According to the Subscription Economy Index, 70% of a subscription company’s revenue comes from existing customers. As a SaaS business, your goal is to keep your customers for life and drive Customer Lifetime Value. But how do you do that?
In a subscription-based model, customer events throughout the year are ongoing and unpredictable. On average we see four mid-term changes per year for every subscription. Zoom, actually processes 5 changes to a subscription per month!
To illustrate this point, let’s imagine a complicated – but common – customer scenario: In the beginning of the year, your customer wants to start a new subscription, which means that, on the pricing plan from Bronze Edition to Silver Edition, and use a Monthly Plan for additional users starting that month. For finance and engineering, this means changing the pricing plan, adding a second monthly plan, prorating for the remainder of the month, sending a new invoice, redistributing the recognized revenue, and calculating the impact on revenue numbers. This raises multiple issues and questions:
• Does IT have to customize this? Do you do things manually with spreadsheets?
• Did the customer invoice get updated accurately?
• How was revenue recognition impacted?
• What is the impact on MRR and other business metrics?
This is a simple example of the types of requests that customers make in a subscription-based model. In fact, for some SaaS companies, up to 80% of their orders every day are changes to existing subscriptions. In other words, the majority of what they do is just manage change.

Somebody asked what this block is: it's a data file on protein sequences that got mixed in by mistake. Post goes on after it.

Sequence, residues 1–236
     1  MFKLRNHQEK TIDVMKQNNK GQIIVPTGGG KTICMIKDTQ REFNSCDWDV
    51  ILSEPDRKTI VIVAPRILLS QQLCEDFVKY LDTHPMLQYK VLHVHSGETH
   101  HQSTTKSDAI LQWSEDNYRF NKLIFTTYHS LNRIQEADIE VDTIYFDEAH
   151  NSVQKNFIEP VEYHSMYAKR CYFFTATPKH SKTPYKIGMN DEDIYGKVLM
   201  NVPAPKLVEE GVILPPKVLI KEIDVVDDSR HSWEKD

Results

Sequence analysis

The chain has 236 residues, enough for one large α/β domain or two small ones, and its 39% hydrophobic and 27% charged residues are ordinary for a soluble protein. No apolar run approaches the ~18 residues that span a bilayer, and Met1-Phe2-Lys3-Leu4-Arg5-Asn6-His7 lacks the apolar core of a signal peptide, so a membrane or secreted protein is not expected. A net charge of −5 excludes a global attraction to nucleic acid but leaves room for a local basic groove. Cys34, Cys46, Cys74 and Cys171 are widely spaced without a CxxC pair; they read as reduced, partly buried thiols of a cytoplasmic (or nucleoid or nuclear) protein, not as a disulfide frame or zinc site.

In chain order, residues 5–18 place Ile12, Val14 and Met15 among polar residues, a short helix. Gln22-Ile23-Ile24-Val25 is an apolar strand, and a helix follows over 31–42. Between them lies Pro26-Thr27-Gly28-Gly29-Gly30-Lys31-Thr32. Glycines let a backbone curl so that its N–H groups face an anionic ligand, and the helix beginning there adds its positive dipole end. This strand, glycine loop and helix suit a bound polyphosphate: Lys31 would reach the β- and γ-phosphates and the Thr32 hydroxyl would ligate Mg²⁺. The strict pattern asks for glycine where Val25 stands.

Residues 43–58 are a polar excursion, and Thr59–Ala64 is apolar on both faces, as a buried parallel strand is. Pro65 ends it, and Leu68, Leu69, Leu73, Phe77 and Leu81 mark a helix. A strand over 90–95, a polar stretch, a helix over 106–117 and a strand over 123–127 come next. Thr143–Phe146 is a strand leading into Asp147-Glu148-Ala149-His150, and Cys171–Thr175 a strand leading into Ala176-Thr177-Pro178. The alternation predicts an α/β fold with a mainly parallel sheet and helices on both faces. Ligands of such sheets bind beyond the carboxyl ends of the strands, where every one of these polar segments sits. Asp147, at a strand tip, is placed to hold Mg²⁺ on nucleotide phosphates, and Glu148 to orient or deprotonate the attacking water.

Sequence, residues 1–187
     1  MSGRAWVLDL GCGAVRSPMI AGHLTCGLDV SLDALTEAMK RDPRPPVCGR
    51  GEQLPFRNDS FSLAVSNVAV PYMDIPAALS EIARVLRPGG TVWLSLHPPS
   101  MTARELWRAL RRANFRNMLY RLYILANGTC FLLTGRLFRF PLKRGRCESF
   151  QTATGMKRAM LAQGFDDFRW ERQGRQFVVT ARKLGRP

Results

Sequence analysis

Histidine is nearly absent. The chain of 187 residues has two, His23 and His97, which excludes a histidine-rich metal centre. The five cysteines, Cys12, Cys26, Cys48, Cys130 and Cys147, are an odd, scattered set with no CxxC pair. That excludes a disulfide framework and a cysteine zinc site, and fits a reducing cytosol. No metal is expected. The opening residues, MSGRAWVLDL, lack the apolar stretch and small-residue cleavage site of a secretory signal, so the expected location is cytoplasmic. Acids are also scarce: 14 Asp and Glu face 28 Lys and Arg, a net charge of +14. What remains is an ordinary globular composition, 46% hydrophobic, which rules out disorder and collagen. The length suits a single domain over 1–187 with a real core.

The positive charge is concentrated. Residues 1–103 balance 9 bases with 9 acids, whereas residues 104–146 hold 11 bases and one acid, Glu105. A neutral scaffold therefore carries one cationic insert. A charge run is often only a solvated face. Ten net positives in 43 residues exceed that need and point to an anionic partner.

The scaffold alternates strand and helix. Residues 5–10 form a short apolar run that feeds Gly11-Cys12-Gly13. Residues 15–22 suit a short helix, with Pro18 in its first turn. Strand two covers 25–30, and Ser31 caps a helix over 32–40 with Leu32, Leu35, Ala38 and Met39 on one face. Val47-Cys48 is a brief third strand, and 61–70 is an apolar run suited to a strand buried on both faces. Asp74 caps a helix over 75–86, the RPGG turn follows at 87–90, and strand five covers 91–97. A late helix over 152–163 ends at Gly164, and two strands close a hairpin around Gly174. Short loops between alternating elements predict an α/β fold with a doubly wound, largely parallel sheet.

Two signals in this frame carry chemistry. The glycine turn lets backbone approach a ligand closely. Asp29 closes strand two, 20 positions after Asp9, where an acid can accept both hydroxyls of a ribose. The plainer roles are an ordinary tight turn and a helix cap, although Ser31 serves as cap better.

But these requests place undue burden on your finance and engineering teams: Finance needs to reconcile all of the spreadsheets. Engineering needs some kind of a hack. Every one of these actions has an impact on billing and invoices, revenue recognition, and reporting. And they all create downstream manual work for your finance teams. In order to be operationally efficient and have the flexibility to innovate and iterate – with products, marketing, pricing, and promotions – all in one central location, you need one system that can handle unpredictable customer events and take the burden off of finance and engineering.
For example, according to Box CFO and Co-Founder Dylan Smith, prior to putting into a place a subscription management platform, they “had Quickbooks as our ‘ERP system’ and were using spreadsheets to manage all of our billings and subscriptions.” Because of this, they were “running into challenges, with a lot of manual work.” Today, Box’s entire order-to-revenue process is centralized. As a result, their finance team is able to easily support any subscription change.